Comparitive Analyis: Jefferson Versus Hamilton Essay

858 words - 3 pages

Though both Alexander Hamilton and Thomas Jefferson served as members of President Washington’s cabinet, the two held very different views on the newly founded U.S. government, interpretation of its constitution, and the role of the “masses” in that government. These conflicting views would develop in two political parties, the Federalists led by Hamilton and the Democratic-Republicans led by Jefferson. Although both political parties presented enticing aspects, Hamilton’s views were much more reasonable and fruitful when compared Jefferson’s views; idealistic and too strict in reference to the constitution.
Republicans, led by Thomas Jefferson and James Madison, strongly opposed America becoming a land of cities, mines, mills, factories, and other industrial plantations. To support their ideas for a country of farmers, they adopted the theory of strict constructionism. This theory put forth the thought that the government did not have the power to do anything, unless it was expressly given the consent by the Constitution. Federalists, on the other hand, promoted the growth of industry in America. This party, lead by Alexander Hamilton, used the idea of broad constructionism. It said that unless the Constitution said it could not be done, it was fine to go ahead and do it. They often referred to the Necessary and Proper Clause, also known as the Elastic Clause; this stated that the government had the power to pass any law deemed “necessary and proper.” These two ideas obviously clashed frequently, and still do today. However Jefferson’s idea of an agrarian republic free of industry is absolutely absurd. Without the development of cities and industries there would not be a trade industry which would allow the farmers to trade and prosper. With no trade, farmers would not be able to market their surplus and the surplus in the American economy would cause prices to fall. This situation would produce little profit for farmers and eventually a severe recession economy.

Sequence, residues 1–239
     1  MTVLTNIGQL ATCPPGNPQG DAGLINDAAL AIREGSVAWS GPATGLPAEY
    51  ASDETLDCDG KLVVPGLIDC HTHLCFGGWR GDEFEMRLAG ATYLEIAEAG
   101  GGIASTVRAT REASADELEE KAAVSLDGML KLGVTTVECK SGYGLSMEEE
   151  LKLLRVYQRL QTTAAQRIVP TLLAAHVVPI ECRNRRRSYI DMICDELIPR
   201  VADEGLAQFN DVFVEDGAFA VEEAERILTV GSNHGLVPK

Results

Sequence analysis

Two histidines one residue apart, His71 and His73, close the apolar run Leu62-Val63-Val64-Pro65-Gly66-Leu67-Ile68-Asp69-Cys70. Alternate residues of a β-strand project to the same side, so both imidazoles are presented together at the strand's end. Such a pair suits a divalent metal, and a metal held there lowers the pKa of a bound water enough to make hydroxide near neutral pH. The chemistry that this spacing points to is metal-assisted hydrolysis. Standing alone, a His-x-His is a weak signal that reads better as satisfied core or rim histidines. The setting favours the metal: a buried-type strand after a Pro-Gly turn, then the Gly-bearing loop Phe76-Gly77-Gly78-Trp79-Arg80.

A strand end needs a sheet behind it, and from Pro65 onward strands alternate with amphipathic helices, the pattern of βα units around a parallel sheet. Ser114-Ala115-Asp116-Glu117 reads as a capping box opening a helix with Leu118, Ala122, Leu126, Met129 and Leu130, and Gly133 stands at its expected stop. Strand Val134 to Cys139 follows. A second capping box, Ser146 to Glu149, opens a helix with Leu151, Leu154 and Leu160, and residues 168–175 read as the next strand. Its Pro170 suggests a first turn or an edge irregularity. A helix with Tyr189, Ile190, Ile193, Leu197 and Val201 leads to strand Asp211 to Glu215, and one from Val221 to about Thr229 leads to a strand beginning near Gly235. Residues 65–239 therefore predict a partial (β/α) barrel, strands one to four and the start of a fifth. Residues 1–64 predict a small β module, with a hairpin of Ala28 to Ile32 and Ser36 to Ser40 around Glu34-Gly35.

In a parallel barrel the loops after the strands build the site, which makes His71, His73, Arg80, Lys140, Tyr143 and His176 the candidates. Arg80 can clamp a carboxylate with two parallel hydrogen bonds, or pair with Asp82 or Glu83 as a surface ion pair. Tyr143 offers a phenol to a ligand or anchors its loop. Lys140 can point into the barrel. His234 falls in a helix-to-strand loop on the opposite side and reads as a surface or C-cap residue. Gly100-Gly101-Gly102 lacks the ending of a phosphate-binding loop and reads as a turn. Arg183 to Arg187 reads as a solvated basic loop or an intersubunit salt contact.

One of Jefferson’s and Hamilton’s first disagreements began with the idea of a National Bank. Hamilton suggested that the government should create the Bank of the United States Jefferson protested because this was not allowed by the Constitution. Hamilton opposed the view of Jefferson and stated that the Constitution’s writers could not have predicted the need of a bank for the United States. Hamilton said that the right to create the Bank of the United States was stated in the “elastic” or the “necessary and proper” clause in which the Constitution gave the government the power to pass laws that were necessary for the welfare of the nation. “This dilemma...

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